public class BaseFileUploadModel
    {
    public string FileName { get; set; }
    public string MediaType { get; set; }
    public byte[] Buffer { get; set; }

    public BaseFileUploadModel(byte[] buffer, string mediaType, string fileName)
    {
    Buffer = buffer;
    MediaType = mediaType;
    FileName = fileName.Replace(“\””, “”);
    }
    }

    public class FileUploadModel : BaseFileUploadModel
    {
    public T Payload { get; set; }

    public FileUploadModel(byte[] buffer, string mediaType, string fileName, object data)
    : base(buffer, mediaType, fileName)
    {
    Payload = data == null ? default(T) : (T)data;
    }
    }

    public class FileMediaFormatter : MediaTypeFormatter
    {
    public FileMediaFormatter()
    {
    SupportedMediaTypes.Add(new MediaTypeHeaderValue(“multipart/form-data”));
    SupportedMediaTypes.Add(new MediaTypeHeaderValue(“application/octet-stream”));
    SupportedMediaTypes.Add(new MediaTypeHeaderValue(“image/jpeg”));
    SupportedMediaTypes.Add(new MediaTypeHeaderValue(“image/jpg”));
    SupportedMediaTypes.Add(new MediaTypeHeaderValue(“image/png”));
    }

    public override bool CanReadType(Type type)
    {
    var baseType = typeof(Models.BaseFileUploadModel);
    return type == baseType || type.BaseType == baseType;
    }

    public override bool CanWriteType(Type type)
    {
    return false;
    }

    public async override Task ReadFromStreamAsync(Type type, System.IO.Stream readStream, HttpContent content, IFormatterLogger formatterLogger)
    {
    if (!content.IsMimeMultipartContent())
    {
    throw new HttpResponseException(HttpStatusCode.UnsupportedMediaType);
    }

    var parts = await content.ReadAsMultipartAsync();
    var fileContent = parts.Contents.First(x =>
    SupportedMediaTypes.Contains(x.Headers.ContentType));

    var fileName = fileContent.Headers.ContentDisposition.FileName;
    var mediaType = fileContent.Headers.ContentType.MediaType;
    byte[] imageBuffer;

    using (var imageStream = await fileContent.ReadAsStreamAsync())
    {
    imageBuffer = ReadFully(imageStream);
    }

    if (type.GenericTypeArguments.Count() > 0)
    {
    if (parts.Contents.Any(x => x.Headers.ContentType != null && x.Headers.ContentType.MediaType == “application/json”))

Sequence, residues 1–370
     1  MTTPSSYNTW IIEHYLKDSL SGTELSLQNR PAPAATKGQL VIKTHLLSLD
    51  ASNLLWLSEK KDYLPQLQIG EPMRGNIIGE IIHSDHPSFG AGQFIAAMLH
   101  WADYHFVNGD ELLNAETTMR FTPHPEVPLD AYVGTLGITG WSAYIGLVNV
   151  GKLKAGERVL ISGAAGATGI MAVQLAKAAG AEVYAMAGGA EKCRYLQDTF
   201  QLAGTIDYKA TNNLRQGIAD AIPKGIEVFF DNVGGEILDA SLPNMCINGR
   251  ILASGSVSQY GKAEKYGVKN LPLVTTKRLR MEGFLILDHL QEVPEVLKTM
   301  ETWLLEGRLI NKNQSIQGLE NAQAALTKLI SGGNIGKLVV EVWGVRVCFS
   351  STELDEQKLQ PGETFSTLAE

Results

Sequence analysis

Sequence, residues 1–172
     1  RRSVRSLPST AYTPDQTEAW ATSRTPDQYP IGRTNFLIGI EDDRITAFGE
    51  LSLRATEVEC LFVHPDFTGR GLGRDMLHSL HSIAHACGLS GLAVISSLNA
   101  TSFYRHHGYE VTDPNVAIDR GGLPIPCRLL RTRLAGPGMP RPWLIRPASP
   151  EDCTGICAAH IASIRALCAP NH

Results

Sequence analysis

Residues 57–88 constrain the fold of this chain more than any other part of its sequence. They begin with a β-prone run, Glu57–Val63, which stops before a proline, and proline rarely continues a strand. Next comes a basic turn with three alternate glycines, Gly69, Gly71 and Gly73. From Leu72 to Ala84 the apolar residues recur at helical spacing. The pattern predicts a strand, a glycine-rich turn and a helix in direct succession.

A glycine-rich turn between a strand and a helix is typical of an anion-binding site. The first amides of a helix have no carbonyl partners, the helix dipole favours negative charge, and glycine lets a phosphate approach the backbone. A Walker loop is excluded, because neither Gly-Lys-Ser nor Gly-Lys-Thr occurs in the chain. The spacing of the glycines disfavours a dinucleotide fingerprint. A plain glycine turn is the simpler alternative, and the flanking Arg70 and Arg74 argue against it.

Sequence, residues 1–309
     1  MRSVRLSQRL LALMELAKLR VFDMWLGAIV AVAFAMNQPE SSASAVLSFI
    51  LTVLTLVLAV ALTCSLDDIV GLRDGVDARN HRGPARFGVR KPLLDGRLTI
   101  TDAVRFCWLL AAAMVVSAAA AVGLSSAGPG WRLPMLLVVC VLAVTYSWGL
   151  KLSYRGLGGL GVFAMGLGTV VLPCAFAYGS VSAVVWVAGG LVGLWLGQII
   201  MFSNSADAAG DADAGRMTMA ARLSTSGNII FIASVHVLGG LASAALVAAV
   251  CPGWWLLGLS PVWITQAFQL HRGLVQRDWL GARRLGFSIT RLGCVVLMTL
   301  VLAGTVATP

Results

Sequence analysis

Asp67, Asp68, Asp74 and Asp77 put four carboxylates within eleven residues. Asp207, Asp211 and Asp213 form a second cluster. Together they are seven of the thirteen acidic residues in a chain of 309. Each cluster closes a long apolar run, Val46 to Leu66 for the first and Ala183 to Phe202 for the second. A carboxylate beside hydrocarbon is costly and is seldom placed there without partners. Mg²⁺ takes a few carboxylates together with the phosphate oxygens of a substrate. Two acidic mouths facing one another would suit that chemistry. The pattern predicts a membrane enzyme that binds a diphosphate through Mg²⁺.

{
    var dataContent = parts.Contents.First(x => x.Headers.ContentType.MediaType == “application/json”);
    var val = await dataContent.ReadAsStringAsync();

    var fileUpload = Activator.CreateInstance(type, new object[] { imageBuffer, mediaType, fileName, JsonConvert.DeserializeObject(val, type.GenericTypeArguments[0]) });
    return fileUpload;
    }
    else
    {
    var dataContents = parts.Contents.Where(x => !SupportedMediaTypes.Contains(x.Headers.ContentType));
    var jsonData = new JObject();

    foreach (var dataContent in dataContents)
    {
    var val = await dataContent.ReadAsStringAsync();
    var key = dataContent.Headers.ContentDisposition.Name.Replace(“\””, string.Empty);
    jsonData[key] = val;
    }

    var fileUpload = Activator.CreateInstance(type, new object[] { imageBuffer, mediaType, fileName, jsonData.ToObject(type.GenericTypeArguments[0]) });
    return fileUpload;
    }

    }
    else
    {
    var fileUpload = new Models.BaseFileUploadModel(imageBuffer, mediaType, fileName);
    return fileUpload;
    }
    }

    private byte[] ReadFully(System.IO.Stream input)
    {
    var buffer = new byte[16 * 1024];
    using (var memStream = new System.IO.MemoryStream())
    {
    int read;
    while ((read = input.Read(buffer, 0, buffer.Length)) > 0)
    {
    memStream.Write(buffer, 0, read);
    }
    return memStream.ToArray();
    }
    }
    }

    GlobalConfiguration.Configuration.Formatters.Add(new FileMediaFormatter());

    the code surely doesn’t perfect but it will handle other content types than only application/json

    Hope this help